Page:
At first, it will seem like I like you more than you like me. But then later you will tell me that you also felt like you liked me more than I liked you. After this we will giggle and eat shawarma in front of Chin Lung where there is a memorial in the name of someone who died in world war II. We are sitting down next to each other eating shawarma and reeling from perhaps the 2 beers we’ve just had, perhaps the bellyful feeling of finally having found someone to walk bangalore with, we won’t know but it is a good moment and we are looking quietly at the passersby hurrying to get on the bus which is leaning so much to its left that its edges are always threatening to scrape the road.

We are in no hurry to get home because today your parents are not in town and mine have given up on me and are fast asleep. We will walk towards Garuda mall just like that to see if we can get an auto from there. Should we take a bus? One of us will ask the other. We can but it’ll go somewhere and all before it reaches our stop so why chumma, the other will say.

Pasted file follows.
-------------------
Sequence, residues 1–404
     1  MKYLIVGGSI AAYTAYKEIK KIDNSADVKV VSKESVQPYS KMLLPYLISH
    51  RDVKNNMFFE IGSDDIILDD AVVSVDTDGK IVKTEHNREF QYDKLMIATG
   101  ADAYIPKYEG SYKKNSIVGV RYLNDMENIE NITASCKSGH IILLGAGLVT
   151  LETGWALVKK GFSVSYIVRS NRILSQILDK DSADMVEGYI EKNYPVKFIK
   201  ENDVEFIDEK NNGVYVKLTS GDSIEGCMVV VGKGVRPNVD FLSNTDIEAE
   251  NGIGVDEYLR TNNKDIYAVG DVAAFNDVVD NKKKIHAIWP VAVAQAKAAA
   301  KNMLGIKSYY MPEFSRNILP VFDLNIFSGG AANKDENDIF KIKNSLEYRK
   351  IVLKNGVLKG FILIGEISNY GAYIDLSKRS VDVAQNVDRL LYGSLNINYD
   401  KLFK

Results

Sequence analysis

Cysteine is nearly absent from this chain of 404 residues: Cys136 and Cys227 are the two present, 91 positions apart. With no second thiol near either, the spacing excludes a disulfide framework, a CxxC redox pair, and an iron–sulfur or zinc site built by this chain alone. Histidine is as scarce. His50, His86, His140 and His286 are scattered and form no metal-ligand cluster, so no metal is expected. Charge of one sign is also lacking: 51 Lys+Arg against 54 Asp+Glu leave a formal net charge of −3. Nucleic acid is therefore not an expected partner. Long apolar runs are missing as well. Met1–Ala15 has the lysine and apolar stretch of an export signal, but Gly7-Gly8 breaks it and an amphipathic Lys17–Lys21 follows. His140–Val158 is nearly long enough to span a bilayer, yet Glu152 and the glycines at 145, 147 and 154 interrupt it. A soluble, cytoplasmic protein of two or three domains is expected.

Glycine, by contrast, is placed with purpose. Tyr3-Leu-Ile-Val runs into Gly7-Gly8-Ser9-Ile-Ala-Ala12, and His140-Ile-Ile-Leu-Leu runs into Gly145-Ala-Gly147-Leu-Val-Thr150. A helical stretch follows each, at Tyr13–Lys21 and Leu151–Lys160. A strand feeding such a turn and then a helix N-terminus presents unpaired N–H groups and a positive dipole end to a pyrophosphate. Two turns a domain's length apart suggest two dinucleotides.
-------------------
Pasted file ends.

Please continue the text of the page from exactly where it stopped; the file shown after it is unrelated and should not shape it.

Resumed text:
This is why I keep saying we must get a bike. Tomorrow we will get one.

Let me tell you why I am telling you this story. Basically I woke up early today and didn’t want to go back to sleep so I jammed some loud music.

I listened to Karthi songs because I like that fellow’s face. Too much in love it is. Then as I was getting ready to jog, I started listening to Ada from Garam Masala. Then I thought how nicely john and akshay roam around in their bike while this song plays in the background. A song will never play in the background for me in real life but if I have a female friend then it is like a song is always playing in the background.